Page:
RST* Reset. Required to reset the MCR2 register to re-select the primary hard disk drive and deselect the 4th head select line.
D0 Data bus bit 0. D0 on MCR2 is the 4th bit of the head select nibble.
D1 Data bus bit 1. D1 on MCR2 is the second hard disk select bit.
D4 Data bus bit 4. D4 on MCR2 is asserted and deasserted by the operating system and sensed through bit D4 of the Tel Status signal. This is what tells the operating system that the motherboard is a P5.1 revision.
HDSEL3* Head select bit 3 (4th head select). Part of the 34-pin disk control cable.
DDRIVE1* Drive select 1 (2nd drive). Output from the PAL to select disk drive 1 (connected to pin 28 of the 34-pin disk control cable).
DSKDAT0 Disk data from drive 0 (Called Rd Dta, Dr 0 in version 1.0). The disk data received from the first hard disk (through a 26LS32) is connected to a 2:1 multiplexer at this point. This is necessary to arbitrate contention for the disk data separator. This signal is obtained from the pin lifted (disconnected) from the motherboard at 13K pin 3.
DSKDAT1 Disk data from drive 1 (Signal was internal to the extension board in version 1.0). The disk data received from the second hard disk (through a 26LS32) is connected to the 2:1 multiplexer at this point. See DSKDAT0 for additional details. The signal DSKDAT1 is obtained from the lifted pin (pin 11) on IC 13K.
DDRIVE0* Drive 0 select (not used in version 2.0). Signals the circuitry on the extension board that drive 0 is being selected.
DSEPIN Data separator input (was called Dta Sep In in version 1.0). This is the output of the 2:1 multiplexer and is connected to the input of the disk data separator. The entry point for the data separator is the pad where the pin was lifted on the motherboard at 13K pin 3.
Disk Write Dta Disk write data (no longer used in version 2.0). The TTL-level data was transferred to the extension board through this pin. The signal is buffered and transferred through the disk data cable. This function is now performed on the motherboard.
SYSCLK System clock (not used in version 1.0). The system clock provides some timing functions within the PAL for certain asynchronous operations.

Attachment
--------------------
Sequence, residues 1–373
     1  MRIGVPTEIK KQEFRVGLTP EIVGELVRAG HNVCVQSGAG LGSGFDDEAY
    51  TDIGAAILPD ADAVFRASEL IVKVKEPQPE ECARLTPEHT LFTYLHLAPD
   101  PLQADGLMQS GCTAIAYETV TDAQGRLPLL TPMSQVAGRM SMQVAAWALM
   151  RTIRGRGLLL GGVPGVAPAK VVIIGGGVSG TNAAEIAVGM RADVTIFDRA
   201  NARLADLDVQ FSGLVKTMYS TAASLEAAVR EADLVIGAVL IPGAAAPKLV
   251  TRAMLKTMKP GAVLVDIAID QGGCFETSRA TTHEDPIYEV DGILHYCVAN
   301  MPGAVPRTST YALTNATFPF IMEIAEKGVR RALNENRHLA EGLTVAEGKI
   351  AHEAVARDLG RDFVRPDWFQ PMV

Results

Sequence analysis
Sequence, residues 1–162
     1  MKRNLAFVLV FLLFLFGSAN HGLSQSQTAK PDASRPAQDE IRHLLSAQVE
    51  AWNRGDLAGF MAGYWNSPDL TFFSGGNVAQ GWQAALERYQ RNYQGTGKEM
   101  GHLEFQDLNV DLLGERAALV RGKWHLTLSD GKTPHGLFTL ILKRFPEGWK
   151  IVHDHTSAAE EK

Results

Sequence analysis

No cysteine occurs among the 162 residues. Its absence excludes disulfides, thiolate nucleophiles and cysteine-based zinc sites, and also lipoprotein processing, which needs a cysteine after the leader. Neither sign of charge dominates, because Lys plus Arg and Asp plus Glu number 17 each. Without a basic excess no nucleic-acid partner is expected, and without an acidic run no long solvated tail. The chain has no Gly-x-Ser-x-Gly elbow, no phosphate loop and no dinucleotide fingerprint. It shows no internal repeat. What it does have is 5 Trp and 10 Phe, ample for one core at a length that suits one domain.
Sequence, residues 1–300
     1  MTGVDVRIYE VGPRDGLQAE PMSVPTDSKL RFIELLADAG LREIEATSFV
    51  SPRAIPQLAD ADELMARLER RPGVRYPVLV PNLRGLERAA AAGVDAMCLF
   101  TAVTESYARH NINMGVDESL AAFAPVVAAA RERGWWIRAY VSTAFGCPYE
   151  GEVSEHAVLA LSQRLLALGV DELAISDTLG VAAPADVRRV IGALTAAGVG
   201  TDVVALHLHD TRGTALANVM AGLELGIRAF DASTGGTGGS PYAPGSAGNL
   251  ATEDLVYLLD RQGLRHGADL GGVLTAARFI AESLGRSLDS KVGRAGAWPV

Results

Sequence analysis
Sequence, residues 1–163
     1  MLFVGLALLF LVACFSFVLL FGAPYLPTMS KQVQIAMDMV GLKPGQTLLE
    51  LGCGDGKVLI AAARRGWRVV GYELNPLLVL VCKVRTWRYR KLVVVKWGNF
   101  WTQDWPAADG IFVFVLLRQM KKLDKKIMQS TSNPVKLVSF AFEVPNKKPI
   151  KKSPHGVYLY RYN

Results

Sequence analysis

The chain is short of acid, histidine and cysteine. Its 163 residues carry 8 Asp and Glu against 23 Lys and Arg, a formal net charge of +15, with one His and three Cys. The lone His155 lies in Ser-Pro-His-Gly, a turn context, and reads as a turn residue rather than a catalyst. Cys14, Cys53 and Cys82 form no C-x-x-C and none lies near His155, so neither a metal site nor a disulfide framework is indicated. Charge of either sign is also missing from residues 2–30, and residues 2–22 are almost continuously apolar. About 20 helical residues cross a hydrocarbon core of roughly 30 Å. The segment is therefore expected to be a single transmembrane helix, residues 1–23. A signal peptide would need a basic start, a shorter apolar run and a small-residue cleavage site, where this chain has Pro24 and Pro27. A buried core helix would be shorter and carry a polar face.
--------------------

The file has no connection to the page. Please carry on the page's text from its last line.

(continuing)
These signals are processed in a preprogrammed PAL (Programmable Array Logic) device which performs decoding of the extra signals needed in the upgrade, contention for the data separator, and feedback for P5.1. The write data to the second disk is provided by a shared bus driver (used for the first hard disk). The read data from the second drive is buffered through a spare section of the 26LS32 (at 13K) already on the motherboard. Three pins (in addition to the one that is lifted to decouple the first drive's data directly from the data separator) will be lifted on this chip so that access may be gained to an unused portion of the chip.

The PAL's internal operation may be seen in block form in Appendix VI. More detailed information about the operation of the upgrade may be understood by looking at the schematic diagram for the version 1.0 upgrade in Appendix VII.

The reason why the number of chips were able to be reduced relative to the chip-count in version 1.0 is due to the functionality provided by the PAL, and some utilization of line drivers and receivers already on the motherboard. The line driver used by the first hard disk drive may also be used to drive the second hard disk. Originally, we did not consider this option. Since the "write" data is the same for both drives (it will only be recognized when the appropriate drive has been selected), there is no need for an additional line driver. The line receiver at 13K is only half-utilized as configured on the motherboard. By lifting 3 pins for the unused line receiver, one is able to utilize the receiver in other circuitry.


Step one - BACK UP YOUR HARD DISK! If you goof, you could erase all the data on the drive. No further explanation here - if you are confident enough to work with an unbacked-up drive, good luck.